Over the past 20 years, simulations have become the vital part of medical education. In the far 1998, Krummel in his paper has defined a simulation as a “device or exercise that enables the participant to reproduce or represent, under test conditions, phenomena that are likely to occur in actual performance”.
According to the definition of the Association of American Medical Colleges (published in 2011), medical simulation is “a method used in health care education to replace or amplify real patient experiences with scenarios designed to replicate real health encounters, using lifelike mannequins, physical models, or computers”.
From this definition of the AAMC we can extract the existing types of simulations used in medical education:
- Mannequin-based simulator (in actual physical reality, using a patient mannequin);
- Screen based simulator (on a computer screen only);
- Virtual reality (VR) simulator (using virtual reality)
Think about the well-known flight simulations used for training of pilots to ensure 100% safety of the flight. Commercial aviation is considered to be highly reliable due to its very low failure rate taking into account its inherent risk.
Medical simulations can be viewed as analogous to the flight simulations, and they can significantly improve patient care and ensure patient safety. Therefore, the role of simulations in medical education and health care is tremendous.
One should clearly understand that simulation is a technique, not technology. And this method is aimed to replace the real experiences with the guided experiences, often immersive in nature, that evoke or replicate substantial aspects of the real world in a fully interactive fashion (Gaba, 2004).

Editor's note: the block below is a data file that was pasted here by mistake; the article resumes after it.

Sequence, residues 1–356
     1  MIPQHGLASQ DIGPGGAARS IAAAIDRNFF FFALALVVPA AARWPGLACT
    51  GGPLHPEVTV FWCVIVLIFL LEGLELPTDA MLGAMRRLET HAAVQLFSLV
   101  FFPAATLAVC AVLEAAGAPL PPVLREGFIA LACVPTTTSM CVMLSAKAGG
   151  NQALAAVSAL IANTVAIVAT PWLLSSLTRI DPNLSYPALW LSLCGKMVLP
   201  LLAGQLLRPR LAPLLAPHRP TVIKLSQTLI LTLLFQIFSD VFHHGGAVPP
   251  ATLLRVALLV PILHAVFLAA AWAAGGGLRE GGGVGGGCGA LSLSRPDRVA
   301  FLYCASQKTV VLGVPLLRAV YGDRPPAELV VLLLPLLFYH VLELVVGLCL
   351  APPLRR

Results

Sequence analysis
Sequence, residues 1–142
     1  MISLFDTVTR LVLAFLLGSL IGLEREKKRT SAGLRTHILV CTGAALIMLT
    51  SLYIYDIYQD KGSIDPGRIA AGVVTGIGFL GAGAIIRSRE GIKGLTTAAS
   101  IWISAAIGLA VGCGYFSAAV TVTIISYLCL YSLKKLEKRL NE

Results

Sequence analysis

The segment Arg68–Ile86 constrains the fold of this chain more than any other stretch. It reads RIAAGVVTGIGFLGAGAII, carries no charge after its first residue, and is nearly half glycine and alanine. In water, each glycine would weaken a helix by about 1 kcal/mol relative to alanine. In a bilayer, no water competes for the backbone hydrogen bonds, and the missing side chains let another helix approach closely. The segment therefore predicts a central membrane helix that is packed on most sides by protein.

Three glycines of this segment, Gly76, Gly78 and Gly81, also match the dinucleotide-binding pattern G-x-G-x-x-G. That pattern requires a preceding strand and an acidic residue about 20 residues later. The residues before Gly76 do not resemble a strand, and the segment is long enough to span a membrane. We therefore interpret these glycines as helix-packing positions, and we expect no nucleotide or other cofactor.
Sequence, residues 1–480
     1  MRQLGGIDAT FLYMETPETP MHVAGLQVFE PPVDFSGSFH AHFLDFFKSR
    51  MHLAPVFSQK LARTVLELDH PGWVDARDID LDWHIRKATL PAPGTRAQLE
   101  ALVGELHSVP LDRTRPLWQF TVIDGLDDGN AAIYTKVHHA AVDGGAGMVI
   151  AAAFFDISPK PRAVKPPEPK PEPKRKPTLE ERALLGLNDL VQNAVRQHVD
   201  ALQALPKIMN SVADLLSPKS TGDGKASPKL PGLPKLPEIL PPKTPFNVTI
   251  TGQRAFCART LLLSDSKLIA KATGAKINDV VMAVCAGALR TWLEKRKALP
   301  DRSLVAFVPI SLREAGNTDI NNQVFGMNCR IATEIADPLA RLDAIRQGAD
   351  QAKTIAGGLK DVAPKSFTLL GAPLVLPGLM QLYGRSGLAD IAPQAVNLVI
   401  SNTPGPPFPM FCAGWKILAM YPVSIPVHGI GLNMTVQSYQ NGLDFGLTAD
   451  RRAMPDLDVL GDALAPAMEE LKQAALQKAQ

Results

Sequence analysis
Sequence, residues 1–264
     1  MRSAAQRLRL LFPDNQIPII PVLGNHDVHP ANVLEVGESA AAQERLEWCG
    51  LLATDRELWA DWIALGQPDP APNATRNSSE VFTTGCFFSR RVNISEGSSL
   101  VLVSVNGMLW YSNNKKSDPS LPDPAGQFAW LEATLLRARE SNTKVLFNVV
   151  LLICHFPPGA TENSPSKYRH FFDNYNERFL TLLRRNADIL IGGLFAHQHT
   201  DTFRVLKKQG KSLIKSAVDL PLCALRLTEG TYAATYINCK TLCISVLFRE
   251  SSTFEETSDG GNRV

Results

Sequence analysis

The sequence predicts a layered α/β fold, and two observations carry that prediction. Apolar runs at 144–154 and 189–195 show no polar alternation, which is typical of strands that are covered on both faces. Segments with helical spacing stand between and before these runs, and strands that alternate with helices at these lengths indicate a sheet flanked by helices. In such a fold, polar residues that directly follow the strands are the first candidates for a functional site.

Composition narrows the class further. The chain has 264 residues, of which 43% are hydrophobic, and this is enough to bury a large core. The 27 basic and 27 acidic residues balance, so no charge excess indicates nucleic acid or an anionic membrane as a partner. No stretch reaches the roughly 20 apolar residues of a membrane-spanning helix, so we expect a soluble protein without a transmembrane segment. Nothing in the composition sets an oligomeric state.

We say “immersive” in a sense that it is generating the feeling of presence, and a user is immersed in a task as if it were in the real world. Usually, when talking about simulator in health care we mean a device that presents a simulated patient (or part of a patient) and is interactive with actions of the simulation participant.
Medical simulation can be a useful training tool on each level of professional experience and knowledge in medicine – starting from medical students and finishing with clinical personnel.
Nowadays, according to the AAMC survey of the teaching hospitals and the medical schools in the USA, preclinical courses simulations are most often used in the area of clinical skills, intro/clinical medicine, and physical diagnosis. Below you can find a bar-chart which represents this statistical data (Figure 1).
There are various types of simulation applications which can be structured according to their specific features. In this article, we describe all the existing types of medical simulations, categorized by 11 groups each of which represents a different attribute of the simulation.
1. AAMC Survey (2011) “Medical Simulation in Medical Education”. Link: https://www.aamc.org/download/259760/data
2. Gaba, D. (2004) “The future vision of simulation in health care”, Qual. Saf. Health Care. 2004 Oct, 13
3. Krummel Thomas, M. (1998) “Surgical Simulation and Virtual Reality: the Coming Revolution”, Annals of Surgery, November 1998, Vol. 228 – Issue 5: pp 635-637.